Protecting Your Hearing Over Winter
Cold and flu symptoms can build up fluid in the middle part of the ear behind the ear drum, causing ear infection and reduce children’s hearing by dampening sounds. This condition is called otitis media or middle ear infection. In serious cases, the symptoms are rarely missed as children will have very sore ear(s) that need medical treatment. Repeated ear infections can cause a condition called ‘glue ear’ (otitis media with effusion), where a sticky fluid fills up the middle part of the ear instead of air.
How common are ear infections and what is the impact?
Very! Around one in four Australian children will have repeated ear infections in their first few years of life. Every day factors such as attending day care, playing with older siblings, and colder weather increases the risk of having repeated ear infections. This can continue until the day children start school, where one in ten will still have ear infections.
While ear infections are common in younger children and usually clear on their own with time and rest, repeated ear infections should be looked into by a doctor or audiologist.
Reoccurring ear infections can have a significant impact on a child’s speech and language development and early learning. Because middle ear infections feel like the volume being turned down and muffled sound in a child’s ears, learning at school – where background noise in the classroom and speech sources (e.g. teacher) are further away – becomes even more challenging for children with an ear infection.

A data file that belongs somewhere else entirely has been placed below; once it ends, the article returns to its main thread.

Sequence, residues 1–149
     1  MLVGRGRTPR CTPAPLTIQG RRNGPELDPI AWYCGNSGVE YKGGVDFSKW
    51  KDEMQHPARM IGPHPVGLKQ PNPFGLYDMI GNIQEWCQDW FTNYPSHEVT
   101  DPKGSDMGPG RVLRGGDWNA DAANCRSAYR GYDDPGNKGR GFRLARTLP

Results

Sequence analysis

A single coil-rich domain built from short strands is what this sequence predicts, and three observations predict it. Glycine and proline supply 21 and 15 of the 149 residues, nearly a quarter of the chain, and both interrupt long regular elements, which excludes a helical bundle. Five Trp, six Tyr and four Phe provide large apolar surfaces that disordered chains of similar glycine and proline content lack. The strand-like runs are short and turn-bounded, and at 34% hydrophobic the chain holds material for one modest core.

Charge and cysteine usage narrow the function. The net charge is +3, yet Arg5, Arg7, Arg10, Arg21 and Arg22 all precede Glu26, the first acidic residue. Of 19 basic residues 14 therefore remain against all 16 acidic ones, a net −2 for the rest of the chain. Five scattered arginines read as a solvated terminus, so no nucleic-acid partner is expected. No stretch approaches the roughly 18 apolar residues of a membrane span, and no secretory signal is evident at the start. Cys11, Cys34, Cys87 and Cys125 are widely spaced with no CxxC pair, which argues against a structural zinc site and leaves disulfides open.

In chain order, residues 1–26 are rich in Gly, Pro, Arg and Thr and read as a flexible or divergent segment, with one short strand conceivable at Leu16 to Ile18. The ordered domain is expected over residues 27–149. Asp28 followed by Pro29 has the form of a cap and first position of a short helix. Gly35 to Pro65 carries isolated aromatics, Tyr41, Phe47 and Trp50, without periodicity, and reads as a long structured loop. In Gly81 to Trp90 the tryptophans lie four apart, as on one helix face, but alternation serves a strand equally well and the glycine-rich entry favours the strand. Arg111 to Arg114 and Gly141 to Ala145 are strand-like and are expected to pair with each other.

What are signs to look out for?
If a child appears to:
- demonstrate ‘selective’ hearing,
- ignore what’s being said,
- have a sudden behaviour change,
- turn up the volume of the TV, computer, or music,
- ask to repeat conversations, and/or
- have occasional ear pain
then seeing a doctor or audiologist is highly recommended. Identifying an ear infection is more crucial for children with an existing permanent hearing loss.
Why is treatment important?
Hearing is the gateway to speech and language development. One key challenge in treating glue ear is to identify it in the first place. Given that glue ear may not be associated with any pain, it can be hard for parents or teachers to identify it in children. However, if glue ear persists for a prolonged period of time, it can cause permanent hearing loss or risk causing additional loss on an already existing permanent hearing loss.
What can parents, caregivers and teachers do?
Early intervention through timely diagnosis and management is the key. If a child demonstrates any of the signs above, especially after a head cold or during colder weather, booking a hearing test with an audiologist is recommended.
If the child uses hearing aid(s), their hearing devices may need adjustment to compensate for the hearing loss imposed by the fluid build-up.